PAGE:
As already mentioned, the District has not yet provided us any actual estimates for these capital projects. On November 16, we were shown only a vague “dollar sign” symbols in the spreadsheet, like this:
If we want to understand more precisely what “three dollars” might mean, we are unfortunately left to our own devices.
One of those devices might be the assessments of our local school buildings performed in 2008 by Blythe Architects, at the request of the School Board. You can download the resulting Facilities Master Plan here</a.
Blythe estimated the cost to the District, to upgrade and repair its existing buildings, at approximately $10 million. This dollar figure did not include new buildings — merely repairs and maintenance.
More about the Blythe study, in Part Three.
Another device might be assessments of the buildings done by the Colorado Department of Education eight years ago. The CDE experts analyzed the upgrades and repairs needed to bring our four existing school buildings up to a reasonable condition, and gave us an estimate of approximately $27 million for upgrades “necessary within 2-5 years.” That was eight years ago.
Once again, these are not “new buildings.” These are merely “Your Basic Repairs and Upgrades.”
None of the School District representatives who spoke at the November 16 “Master Plan” presentations referred to Blythe’s $10 million estimate, or CDE’s $27 million estimate. Over a year ago, the District hired its own consultants — RTA Architects — to re-analyze our facilities from the ground up, and re-estimate the District’s needs over the next couple of decades. (I doubt the price has gone down, but I’ve never heard any prices mentioned.)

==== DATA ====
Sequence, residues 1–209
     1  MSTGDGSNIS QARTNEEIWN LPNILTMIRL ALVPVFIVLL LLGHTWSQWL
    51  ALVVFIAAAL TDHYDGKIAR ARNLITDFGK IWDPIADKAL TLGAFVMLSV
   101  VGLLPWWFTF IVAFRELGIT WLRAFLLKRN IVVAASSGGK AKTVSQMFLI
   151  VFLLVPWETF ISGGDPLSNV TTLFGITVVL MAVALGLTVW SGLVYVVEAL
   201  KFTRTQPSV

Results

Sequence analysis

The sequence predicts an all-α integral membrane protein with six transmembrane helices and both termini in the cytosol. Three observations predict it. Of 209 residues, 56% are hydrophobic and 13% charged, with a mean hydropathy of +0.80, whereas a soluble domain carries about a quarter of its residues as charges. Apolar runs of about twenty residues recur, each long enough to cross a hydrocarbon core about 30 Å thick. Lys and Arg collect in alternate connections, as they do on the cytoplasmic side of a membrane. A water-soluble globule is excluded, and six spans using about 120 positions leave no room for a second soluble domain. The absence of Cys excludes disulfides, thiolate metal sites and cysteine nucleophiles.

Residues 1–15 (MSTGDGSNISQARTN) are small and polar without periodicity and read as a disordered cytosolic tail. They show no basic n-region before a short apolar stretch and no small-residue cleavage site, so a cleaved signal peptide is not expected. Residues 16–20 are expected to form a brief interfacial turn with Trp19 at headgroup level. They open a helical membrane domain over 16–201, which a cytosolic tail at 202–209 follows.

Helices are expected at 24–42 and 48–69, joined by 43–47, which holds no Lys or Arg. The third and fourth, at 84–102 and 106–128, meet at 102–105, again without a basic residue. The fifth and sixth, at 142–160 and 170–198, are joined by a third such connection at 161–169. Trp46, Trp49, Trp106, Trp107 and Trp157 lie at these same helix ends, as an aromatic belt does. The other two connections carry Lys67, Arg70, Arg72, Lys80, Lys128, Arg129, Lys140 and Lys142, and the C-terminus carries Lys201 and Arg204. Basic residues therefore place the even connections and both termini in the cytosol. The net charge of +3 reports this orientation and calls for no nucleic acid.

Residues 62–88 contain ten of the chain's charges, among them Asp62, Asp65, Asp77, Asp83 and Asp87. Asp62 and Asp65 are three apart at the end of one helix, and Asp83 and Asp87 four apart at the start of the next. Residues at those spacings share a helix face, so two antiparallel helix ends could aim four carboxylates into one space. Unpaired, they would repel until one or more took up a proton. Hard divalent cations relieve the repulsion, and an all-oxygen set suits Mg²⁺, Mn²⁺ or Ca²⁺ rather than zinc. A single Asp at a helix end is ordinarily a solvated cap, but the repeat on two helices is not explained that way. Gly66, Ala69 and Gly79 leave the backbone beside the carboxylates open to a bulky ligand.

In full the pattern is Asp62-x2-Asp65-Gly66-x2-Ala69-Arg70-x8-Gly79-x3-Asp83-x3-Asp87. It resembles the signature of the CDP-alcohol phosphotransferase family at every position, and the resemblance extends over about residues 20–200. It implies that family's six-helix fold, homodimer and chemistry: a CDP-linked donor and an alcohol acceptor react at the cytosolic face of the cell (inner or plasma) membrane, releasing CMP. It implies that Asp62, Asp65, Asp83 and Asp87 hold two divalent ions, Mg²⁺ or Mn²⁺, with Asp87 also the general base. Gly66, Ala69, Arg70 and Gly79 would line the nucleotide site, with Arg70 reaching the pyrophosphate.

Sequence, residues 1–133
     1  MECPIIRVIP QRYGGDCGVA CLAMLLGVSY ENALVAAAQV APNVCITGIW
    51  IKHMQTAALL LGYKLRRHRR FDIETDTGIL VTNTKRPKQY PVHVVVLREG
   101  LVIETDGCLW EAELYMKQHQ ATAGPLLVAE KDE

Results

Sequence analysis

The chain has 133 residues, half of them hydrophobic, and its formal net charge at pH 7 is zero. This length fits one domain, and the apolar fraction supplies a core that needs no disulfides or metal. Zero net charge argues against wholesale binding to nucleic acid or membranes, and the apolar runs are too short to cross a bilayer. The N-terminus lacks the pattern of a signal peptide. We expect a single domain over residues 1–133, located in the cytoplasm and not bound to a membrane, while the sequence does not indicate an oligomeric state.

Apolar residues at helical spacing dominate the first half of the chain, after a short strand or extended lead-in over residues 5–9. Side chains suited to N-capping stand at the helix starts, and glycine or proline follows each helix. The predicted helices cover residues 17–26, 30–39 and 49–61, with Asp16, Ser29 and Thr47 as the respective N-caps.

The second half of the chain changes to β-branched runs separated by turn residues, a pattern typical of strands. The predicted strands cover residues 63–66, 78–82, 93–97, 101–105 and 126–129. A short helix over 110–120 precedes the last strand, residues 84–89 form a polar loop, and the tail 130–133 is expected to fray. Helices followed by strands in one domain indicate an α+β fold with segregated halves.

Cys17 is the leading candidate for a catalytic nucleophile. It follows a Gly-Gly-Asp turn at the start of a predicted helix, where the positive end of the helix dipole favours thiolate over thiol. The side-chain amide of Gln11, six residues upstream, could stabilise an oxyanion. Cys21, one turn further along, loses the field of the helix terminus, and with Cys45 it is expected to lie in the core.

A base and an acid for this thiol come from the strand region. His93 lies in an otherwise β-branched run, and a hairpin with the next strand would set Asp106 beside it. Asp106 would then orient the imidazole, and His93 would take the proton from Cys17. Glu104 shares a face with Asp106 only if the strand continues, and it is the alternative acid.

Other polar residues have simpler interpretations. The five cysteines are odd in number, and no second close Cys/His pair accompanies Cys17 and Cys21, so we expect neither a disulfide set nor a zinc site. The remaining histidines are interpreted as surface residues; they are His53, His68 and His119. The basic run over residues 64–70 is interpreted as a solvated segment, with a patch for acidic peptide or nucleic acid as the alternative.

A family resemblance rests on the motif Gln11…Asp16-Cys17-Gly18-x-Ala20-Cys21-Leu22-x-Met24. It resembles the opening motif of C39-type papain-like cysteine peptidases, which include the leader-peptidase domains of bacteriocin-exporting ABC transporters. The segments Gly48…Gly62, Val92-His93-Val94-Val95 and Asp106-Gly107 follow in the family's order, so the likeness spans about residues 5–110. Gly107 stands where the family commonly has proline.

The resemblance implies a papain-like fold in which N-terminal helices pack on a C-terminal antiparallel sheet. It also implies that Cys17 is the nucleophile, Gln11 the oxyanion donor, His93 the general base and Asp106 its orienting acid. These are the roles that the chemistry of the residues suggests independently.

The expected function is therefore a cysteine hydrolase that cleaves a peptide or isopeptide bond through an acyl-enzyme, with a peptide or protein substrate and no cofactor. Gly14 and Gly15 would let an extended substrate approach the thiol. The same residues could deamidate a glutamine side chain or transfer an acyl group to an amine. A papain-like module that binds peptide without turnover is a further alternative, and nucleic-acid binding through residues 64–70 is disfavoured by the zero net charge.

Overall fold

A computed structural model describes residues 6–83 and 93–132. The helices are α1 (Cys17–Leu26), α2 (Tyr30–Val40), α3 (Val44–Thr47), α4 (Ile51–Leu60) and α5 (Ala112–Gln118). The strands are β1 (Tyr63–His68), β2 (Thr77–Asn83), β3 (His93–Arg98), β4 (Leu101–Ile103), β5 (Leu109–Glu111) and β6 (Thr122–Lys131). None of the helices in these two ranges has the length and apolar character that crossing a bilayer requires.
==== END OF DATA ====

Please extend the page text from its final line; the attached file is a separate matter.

At the other end of the cost spectrum, we find Scenario F:
Scenario F. (Your Basic High Cost Facilities Expansion.) Build a New School to house Preschool through 2 Grade. Remodel the Elementary School to house 3-5 Grades and District Administration. Build a New 6-8 Middle School. Upgrade the High School.
Again, we are shown vague “dollar sign” symbols in the spreadsheet. And again we are left without having clear, transparent information.
If the experts felt, a decade ago, that our Pagosa schools needed between $10 million and $27 million worth of ‘basic repairs and upgrades’… and if that approximate amount is being represented in the ASD spreadsheet as “three dollar signs”…